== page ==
Outcome of different modes of non-invasive ventilation in chronic obstructive pulmonary disease patients with type II respiratory failure
Keywords:COPD, NIV, bipap, Hypercapnic, RF
Background: Chronic obstructive pulmonary disease (COPD) is a progressive inflammatory airway disorder often leading to type II respiratory failure (RF). Non-invasive ventilation (NIV) is crucial in COPD management. This study compares T (Timed), ST (Spontaneous-Timed), and iVAPS (Intelligent volume assured pressure support) modes.
Method: A prospective, experimental, comparative study spanned two years. One hundred COPD patients with Type 2 RF were randomized into three groups: T mode (n=33), ST mode (n=33), and iVAPS mode (n=34). Outcome assessment included clinical, hematological parameters, and intubation rate.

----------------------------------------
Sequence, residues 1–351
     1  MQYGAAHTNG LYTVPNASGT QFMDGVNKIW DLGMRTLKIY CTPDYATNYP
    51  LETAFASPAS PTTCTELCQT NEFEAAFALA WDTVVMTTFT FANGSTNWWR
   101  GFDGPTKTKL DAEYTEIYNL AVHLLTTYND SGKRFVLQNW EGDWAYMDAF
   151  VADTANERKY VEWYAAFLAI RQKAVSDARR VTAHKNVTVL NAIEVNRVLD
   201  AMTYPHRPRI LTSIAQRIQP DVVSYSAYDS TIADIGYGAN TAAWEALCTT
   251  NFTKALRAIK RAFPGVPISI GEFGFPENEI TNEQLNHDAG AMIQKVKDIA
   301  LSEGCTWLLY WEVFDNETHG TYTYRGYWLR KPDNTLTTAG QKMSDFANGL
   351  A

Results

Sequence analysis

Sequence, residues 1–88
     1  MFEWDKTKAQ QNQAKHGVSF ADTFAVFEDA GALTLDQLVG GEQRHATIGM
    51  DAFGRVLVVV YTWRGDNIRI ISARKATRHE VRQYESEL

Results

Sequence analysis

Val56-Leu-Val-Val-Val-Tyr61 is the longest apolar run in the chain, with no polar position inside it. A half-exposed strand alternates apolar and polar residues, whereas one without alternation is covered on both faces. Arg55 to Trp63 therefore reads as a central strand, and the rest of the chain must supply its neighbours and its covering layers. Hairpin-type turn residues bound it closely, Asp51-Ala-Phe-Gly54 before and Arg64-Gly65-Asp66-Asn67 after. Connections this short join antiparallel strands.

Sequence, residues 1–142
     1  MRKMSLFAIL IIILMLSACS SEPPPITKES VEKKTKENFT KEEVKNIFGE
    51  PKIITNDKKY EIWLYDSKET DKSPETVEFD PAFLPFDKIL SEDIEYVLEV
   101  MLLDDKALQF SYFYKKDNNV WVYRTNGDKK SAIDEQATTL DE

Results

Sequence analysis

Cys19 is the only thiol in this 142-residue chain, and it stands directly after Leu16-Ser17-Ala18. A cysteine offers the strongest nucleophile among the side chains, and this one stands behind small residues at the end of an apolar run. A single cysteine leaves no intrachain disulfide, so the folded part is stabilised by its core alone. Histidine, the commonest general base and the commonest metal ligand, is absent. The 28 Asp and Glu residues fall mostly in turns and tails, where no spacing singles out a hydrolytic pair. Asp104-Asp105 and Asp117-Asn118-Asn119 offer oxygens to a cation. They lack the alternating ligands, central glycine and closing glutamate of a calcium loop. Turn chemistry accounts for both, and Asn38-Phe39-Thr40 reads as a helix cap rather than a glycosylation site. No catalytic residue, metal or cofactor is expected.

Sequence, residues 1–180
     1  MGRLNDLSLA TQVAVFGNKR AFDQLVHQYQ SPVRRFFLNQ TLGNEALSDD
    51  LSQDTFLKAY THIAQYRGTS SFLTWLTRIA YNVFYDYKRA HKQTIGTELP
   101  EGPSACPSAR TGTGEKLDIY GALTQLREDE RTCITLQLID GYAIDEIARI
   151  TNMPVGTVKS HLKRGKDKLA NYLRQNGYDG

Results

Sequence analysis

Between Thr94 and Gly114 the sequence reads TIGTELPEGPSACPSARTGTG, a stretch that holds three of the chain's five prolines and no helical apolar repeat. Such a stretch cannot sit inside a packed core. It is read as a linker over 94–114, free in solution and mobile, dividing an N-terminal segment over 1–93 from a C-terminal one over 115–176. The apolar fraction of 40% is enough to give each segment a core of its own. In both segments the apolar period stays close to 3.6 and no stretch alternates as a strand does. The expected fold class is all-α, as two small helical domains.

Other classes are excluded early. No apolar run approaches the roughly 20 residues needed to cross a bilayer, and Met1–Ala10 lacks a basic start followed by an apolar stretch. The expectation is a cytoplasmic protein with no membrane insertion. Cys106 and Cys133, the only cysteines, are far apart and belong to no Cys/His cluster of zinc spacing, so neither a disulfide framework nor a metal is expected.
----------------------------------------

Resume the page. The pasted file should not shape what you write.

Result: The study revealed varying degrees of success among the three modes of NIV. iVAPS mode demonstrated the highest success rate, with 79.4% of cases achieving positive outcomes. Noteworthy improvements were observed in respiratory rate (RR) and oxygen saturation (SpO2) in the iVAPS group after 12 hours of NIV. Both the ST mode and iVAPS mode showed significant increases in pH levels, with a more pronounced improvement seen in the iVAPS group. Additionally, a substantial reduction in pCO2 levels after BiPAP was noted in the iVAPS group. The intubation rate was lowest in the iVAPS group, though the difference did not reach statistical significance.
Conclusions: iVAPS mode demonstrated superior outcomes, including significant improvements in RR, SpO2, pH, and pCO2. While the intubation rate was lowest in the iVAPS group, statistical significance was not achieved. iVAPS emerges as a promising alternative, potentially averting the need for invasive ventilation. Larger, diverse studies are needed to validate these findings.
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